Yesterday a photographer made headlines all over the web for filing a $3.6 million copyright lawsuit against Buzzfeed over its inclusion of a photograph of a soccer player head butting the ball in "The
30 29 Funniest Header Faces." Even in an era where copyright damages are stupendous, Kai Eiselein's demand seems like a lot—just shy of the record holding $4.1 million that People magazine paid for the Shiloh Nouvel Jolie-Pitt baby photos, and the picture's not nearly as cute as this tiger cub playing with a ball.
Eiselein, who represents himself, alleges that Buzzfeed copied his photo off of Flickr in June 2010, and is also contributorily liable for 41 other websites publishing the image through June 25, 2011 (when he registered the copyright) and 23 websites publishing the photo thereafter. Eiselein asks for actual damages of $550 for each of the first 42 infringements, and the maximum statutory damages of $150,000 for willful infringement for each the last 23. Whoa! Quite a difference. As Eiselein appearantly understands, the giant hammer of statutory damages is not available until after you register the copyright.
Not satisfied with just $3.47 million for a photo he made available for people to view for free, Eiselein tosses in an infringement by yet another website (another $150k) and statutory damages under the DMCA's Section 1201 anti-circumvention provision (for copying the photo from Flickr), in the amount of $25,000, for a grand total of $3.645 million, plus his costs and attorneys' fees.
An impressive sum, but will it hold up? For three reasons, no.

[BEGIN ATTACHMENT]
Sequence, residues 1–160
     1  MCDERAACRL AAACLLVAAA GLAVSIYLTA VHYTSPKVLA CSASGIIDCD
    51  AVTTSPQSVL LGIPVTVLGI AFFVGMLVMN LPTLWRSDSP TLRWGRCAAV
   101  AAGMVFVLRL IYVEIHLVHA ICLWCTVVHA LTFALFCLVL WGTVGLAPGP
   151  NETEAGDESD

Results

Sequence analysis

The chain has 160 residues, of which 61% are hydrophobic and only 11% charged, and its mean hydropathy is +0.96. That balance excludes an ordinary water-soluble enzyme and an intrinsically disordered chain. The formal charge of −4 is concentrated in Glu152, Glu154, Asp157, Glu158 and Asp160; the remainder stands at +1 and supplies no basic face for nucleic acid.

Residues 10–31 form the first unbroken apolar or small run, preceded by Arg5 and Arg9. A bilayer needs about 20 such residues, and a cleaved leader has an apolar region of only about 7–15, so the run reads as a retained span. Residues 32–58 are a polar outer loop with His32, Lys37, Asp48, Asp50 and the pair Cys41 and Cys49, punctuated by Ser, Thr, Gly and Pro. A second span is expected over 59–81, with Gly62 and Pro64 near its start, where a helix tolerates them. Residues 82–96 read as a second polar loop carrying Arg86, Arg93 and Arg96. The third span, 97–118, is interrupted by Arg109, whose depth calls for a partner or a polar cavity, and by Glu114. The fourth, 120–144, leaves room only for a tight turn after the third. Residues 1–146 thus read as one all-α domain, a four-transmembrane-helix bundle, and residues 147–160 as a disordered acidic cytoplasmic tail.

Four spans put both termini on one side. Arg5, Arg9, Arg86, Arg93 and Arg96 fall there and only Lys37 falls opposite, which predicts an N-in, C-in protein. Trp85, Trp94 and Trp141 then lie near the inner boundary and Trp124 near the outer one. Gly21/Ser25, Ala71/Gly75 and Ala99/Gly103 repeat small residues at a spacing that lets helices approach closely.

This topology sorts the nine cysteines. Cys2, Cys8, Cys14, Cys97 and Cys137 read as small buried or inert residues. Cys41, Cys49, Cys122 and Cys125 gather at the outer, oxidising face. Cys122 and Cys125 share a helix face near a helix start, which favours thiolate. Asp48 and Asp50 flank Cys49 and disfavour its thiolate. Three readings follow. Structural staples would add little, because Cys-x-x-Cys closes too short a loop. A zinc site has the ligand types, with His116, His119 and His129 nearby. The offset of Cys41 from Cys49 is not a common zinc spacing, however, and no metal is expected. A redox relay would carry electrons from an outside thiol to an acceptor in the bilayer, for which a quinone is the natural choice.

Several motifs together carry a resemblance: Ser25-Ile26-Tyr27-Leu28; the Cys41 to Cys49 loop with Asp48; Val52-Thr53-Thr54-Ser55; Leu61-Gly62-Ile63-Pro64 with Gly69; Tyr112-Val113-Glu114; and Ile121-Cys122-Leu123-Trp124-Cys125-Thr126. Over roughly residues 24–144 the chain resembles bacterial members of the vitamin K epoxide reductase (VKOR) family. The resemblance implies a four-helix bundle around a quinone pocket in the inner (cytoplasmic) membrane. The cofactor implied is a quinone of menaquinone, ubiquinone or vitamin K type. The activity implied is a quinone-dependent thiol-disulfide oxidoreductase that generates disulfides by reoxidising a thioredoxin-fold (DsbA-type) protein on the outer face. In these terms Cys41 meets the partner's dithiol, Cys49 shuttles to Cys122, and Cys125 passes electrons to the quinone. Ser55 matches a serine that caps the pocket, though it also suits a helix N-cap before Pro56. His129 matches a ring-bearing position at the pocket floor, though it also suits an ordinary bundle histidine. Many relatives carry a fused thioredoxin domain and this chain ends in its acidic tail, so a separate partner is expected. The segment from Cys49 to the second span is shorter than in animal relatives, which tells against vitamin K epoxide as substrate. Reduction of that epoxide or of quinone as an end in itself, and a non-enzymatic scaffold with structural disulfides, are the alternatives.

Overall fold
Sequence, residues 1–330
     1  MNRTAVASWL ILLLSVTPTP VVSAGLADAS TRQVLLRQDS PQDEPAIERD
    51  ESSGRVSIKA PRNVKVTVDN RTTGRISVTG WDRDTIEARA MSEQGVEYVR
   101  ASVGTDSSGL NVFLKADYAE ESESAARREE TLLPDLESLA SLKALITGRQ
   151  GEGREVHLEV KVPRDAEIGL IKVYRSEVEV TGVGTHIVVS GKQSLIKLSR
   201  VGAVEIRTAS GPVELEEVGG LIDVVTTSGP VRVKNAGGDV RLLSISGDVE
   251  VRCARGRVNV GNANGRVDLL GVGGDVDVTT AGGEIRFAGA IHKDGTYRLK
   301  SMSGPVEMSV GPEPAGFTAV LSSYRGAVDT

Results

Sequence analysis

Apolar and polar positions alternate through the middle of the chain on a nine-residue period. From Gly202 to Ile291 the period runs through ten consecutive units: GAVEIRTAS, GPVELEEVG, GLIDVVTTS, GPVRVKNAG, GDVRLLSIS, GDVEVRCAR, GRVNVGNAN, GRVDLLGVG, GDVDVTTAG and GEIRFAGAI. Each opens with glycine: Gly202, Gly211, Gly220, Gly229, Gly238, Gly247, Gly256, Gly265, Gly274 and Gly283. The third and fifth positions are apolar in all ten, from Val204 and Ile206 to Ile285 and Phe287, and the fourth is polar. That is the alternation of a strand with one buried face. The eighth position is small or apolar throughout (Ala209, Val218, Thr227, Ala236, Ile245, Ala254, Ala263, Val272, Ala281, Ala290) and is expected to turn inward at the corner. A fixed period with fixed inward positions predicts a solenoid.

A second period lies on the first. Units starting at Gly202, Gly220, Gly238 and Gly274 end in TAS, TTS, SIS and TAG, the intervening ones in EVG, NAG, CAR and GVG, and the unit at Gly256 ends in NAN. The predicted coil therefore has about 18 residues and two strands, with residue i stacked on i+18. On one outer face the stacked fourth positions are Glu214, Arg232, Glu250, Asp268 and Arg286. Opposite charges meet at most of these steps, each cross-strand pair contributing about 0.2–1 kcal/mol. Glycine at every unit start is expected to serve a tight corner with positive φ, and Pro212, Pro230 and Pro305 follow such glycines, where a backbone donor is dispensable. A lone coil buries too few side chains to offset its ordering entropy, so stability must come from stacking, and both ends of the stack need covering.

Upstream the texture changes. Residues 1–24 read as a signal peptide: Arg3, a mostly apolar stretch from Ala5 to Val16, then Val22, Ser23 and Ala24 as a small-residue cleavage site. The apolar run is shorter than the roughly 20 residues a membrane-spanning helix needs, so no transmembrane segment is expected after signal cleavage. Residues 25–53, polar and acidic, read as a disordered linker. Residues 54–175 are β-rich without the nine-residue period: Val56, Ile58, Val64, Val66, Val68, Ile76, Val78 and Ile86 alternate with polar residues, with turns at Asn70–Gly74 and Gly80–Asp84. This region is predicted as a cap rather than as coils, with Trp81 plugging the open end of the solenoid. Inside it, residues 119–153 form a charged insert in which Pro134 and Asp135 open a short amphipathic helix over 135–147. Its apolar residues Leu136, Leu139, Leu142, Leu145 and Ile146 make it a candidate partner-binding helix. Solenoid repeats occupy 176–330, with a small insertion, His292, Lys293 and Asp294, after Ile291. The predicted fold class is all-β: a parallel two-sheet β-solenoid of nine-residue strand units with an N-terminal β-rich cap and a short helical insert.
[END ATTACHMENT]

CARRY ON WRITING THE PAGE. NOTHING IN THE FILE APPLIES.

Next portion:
1. Under copyright law, statutory damages are per work infringed, not per infringement. So the statutory damages, for all of the infringements of Eiselein's photo, max out at $150,000. And the plaintiff must choose between actual damages or statutory damages, but does not get both.
2. His DMCA claim is also wrong. The $25,000 in statutory damages is for violations of Section 1202, while a violation of Section 1201 comes to "not less than $200 or more than $2,500 per act of circumvention."
3. Since he represents himself, Eiselein cannot get attorneys' fees. As the Sixth Circuit explained, pro se plaintiffs should not get fees because a contrary ruling would threaten to create a “cottage industry” of lawyer-driven litigation, and Congress did not intend to “subsidize attorneys without clients.”
So this $3.6 million dollar lawsuit is really no more than a $152.5k lawsuit. Not a ticket to the ranks of the 1%, but still enough to get that new Tesla Model S and have some cash left over for the power bill.
Or is it? Buzzfeed might respond with a motion to dismiss, contending that even if all the facts in the complaint were true, Eiselein has not made a valid claim. The DMCA claim is going to be a challenge for Eiselein, since he will have to convince a court that copying a photo from Flickr violates Section 1201's provision against "circumvent[ing] a technological measure that effectively controls access to a work." To add a level of difficulty, Eiselein argues that the Section 1201 violation stems from Buzzfeed refusing to remove the image from its server. It seems unlikely the court will find a violation, let alone impose the maximum damages allowed.
To assert his contributory liability claims, Eiselein must allege facts that show that Buzzfeed, with knowledge of the infringing activity, induced, caused or materially contributed to the infringing conduct of the other sixty or so websites. Eiselein, however, merely alleges that Buzzfeed is liable because it originally posted the images. This is not likely to pass muster.
This would leave only the original infringement. That infringement allegedly occured before the registration, removing statutory damages from the equation, and leaves Eiselein with his actual damages of $550, plus costs (probably $350)—assuming Eiselein can overcome any other defenses that Buzzfeed might raise.
Eiselein's multi-hundred dollar lawsuit might have brought him a little fame, but also serves to highlight the danger of extreme statutory damages. They both tempt creators to look to litigation as a path to profit and scare defendants into expensive settlements. While Buzzfeed doubtless has the resources to defend itself, your average blogger does not, and is too often left at the mercy of copyright trolls.